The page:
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Regressive Rock

The Debonaires
Regressive Rock - album cover pic
  • Punchline
  • Troubles
  • All these battles
  • Babysteps to nowhere
Our price: $9.99
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debonairesNorthern Ireland needs a hit. A no-holds-barred, top ten anthem you could set your watch to, a tune that'll be sung by drunken students across the land. A song that'll demand people pay attention, that'll throw down the gauntlet for the half dozen great bands floating about aimlessly in this tiny little country.

And The Debonaires could well be the band for the job. Seriously, they've at least three tunes that would more than suffice. They may not drip cool onstage or reel out wonderful soundbites between songs, and they don't adhere to or threaten to provoke any kind of a scene. But armed with the likes of ‘Waiting for Something To Happen’ and ‘All These Battles’ they're still totally unmissable. You need them in your life.

[ SNIP ]

[ Vapour Lounge ]'re no Debonaires though. From the outset it’s obvious the Deb's aren't firing on all cylinders: there's a few sound problems (mostly because singer Dave won't stop swinging his mike, the rascal), one too many new tunes, and a bizarre, if memorable Talking Heads cover version. But you see way past the hiccups to a hugely talented quintet of musicians armed with choruses sent from heaven.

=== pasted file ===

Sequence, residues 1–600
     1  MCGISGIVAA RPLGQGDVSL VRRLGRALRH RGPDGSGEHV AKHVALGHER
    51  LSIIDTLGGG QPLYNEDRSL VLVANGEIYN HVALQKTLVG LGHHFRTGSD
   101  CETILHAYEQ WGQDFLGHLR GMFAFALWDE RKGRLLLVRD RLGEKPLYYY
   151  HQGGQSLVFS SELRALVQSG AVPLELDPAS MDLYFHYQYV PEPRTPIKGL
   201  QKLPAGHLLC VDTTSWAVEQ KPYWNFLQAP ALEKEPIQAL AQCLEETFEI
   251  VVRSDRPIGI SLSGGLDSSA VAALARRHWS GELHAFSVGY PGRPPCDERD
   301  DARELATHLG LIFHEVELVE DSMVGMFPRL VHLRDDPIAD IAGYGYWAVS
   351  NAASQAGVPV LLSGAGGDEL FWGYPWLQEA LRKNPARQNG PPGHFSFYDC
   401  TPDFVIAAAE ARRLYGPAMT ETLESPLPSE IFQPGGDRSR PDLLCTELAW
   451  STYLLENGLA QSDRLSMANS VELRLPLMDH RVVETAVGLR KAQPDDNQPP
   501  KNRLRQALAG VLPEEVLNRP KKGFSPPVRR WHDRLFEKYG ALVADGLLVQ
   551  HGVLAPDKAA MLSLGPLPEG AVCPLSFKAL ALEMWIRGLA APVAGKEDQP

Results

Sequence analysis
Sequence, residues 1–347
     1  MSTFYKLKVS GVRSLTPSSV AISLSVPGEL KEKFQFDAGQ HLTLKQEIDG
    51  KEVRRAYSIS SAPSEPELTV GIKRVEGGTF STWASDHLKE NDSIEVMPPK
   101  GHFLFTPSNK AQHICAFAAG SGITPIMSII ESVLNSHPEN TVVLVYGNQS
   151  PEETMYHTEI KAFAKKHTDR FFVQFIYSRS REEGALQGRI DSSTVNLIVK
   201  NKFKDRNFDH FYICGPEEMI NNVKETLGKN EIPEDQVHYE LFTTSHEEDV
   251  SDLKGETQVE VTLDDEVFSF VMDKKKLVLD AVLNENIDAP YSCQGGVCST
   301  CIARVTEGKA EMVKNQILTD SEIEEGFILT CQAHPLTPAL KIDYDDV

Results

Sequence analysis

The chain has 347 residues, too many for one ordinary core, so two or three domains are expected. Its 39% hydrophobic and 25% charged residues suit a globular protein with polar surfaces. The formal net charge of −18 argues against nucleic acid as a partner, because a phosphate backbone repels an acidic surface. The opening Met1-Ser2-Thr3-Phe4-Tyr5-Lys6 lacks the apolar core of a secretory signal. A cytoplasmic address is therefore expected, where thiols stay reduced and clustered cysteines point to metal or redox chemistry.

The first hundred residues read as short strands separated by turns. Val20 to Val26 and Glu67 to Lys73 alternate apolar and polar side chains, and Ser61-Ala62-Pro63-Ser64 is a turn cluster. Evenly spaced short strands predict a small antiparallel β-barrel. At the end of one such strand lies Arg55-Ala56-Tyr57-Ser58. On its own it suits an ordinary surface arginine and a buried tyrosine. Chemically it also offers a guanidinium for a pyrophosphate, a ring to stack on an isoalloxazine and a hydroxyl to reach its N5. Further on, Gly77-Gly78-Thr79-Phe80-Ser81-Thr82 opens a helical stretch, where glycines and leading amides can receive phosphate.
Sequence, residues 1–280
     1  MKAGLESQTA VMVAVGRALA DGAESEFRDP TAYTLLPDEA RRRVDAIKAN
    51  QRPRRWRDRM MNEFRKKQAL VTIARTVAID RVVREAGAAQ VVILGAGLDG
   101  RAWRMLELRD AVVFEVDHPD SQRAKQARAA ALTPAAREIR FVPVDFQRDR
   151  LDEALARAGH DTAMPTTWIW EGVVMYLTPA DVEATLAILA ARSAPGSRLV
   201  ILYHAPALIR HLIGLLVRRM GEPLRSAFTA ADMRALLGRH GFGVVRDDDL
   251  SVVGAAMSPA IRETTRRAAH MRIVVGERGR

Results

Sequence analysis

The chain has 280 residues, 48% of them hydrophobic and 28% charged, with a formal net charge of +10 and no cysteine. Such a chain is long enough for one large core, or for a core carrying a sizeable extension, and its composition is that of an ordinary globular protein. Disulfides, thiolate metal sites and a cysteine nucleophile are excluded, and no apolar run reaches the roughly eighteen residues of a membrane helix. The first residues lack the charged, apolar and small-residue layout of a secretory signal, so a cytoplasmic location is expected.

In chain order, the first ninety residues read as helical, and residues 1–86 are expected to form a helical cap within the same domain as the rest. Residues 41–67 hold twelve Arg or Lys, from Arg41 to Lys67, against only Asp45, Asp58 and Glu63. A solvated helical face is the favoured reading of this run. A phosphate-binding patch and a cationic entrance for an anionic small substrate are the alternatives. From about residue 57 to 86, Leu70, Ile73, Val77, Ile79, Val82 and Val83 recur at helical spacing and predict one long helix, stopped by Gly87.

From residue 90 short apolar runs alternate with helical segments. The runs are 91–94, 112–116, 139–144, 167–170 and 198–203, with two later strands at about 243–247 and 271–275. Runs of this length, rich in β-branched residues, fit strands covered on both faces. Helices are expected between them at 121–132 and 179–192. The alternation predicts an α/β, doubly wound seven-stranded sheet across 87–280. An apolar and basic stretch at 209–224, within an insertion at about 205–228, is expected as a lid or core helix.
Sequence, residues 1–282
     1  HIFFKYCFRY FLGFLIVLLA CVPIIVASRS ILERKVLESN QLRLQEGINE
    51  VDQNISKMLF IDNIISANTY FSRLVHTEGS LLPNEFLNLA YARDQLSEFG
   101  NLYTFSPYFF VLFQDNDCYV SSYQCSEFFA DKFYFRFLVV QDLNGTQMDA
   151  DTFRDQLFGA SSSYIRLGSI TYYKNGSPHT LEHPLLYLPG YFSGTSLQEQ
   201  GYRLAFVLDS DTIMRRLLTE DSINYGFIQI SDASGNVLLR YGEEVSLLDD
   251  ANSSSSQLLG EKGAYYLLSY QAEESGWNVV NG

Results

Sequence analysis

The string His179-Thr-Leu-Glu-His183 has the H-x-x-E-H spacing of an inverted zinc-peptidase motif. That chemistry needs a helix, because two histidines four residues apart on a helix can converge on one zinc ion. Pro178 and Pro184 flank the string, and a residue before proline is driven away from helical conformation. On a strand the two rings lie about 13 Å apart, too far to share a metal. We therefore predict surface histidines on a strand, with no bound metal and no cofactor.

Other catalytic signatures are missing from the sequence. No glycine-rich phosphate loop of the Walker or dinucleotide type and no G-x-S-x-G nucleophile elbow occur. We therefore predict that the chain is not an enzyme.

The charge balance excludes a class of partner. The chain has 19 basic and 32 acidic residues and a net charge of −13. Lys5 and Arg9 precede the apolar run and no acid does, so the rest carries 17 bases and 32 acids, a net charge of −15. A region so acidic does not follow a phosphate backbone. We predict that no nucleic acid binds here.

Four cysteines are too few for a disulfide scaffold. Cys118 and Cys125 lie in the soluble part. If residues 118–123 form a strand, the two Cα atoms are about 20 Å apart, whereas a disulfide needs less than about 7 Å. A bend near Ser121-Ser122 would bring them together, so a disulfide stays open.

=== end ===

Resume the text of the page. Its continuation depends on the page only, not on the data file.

Let’s face it though. Unless someone takes the plunge with this lot soon, chances are they'll vanish from the scene taking a handful of lost classics with them.

Which would be nothing shy of an utter travesty.

David O’ Reilly

Images by David O’ Reilly

‘Across the line’, BBC Northern Ireland 18.06.03

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There’s plenty of life here. Drama, pomp and pathos. Pleasant tunes with lyrics about great deceptions and oscilloscopes. A band that looks like it was picked from every available Ulster subculture. A bass player who wobbles his cheeks in time to the music. Some intellectual banter, a dose of giggling and a small but very passionate gathering of Debs devotees.

dave, the debonairesSinger Dave has followed a peculiar steer over the last five years. The band Flummox were messy and ill-focussed, but with an ear for grungey poetics and the yowl of J Mascis. Then there was Volvograd, a band that amplified the great and the ridiculous parts of rock and roll in confusing measures.

The Debonaires have kept some of those ill-fitting issues. Importantly though, Dave can ride out the contradictions, grinning as the ideas collide. So half of the music is ironic and in "quotation" marks. But a few seconds later, something emotional and pertinent peels out of the clown suit. And Dave is confidently marshalling all this stuff around.

That ‘Stream Of Consciousness’ song is a moot example. The synth line is royally daft. The words are rather rum. Yet the overall idea rocks. Likewise with the closing song that puts a sore relationship into a national/global context, and still raises a few smiles. How very smart. And how very welcome.

Stuart Bailie

The Debonaires, The Empire, Belfast, 2.10.03


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This page last modified: Wednesday, 18-Nov-2020 06:44:24 MST
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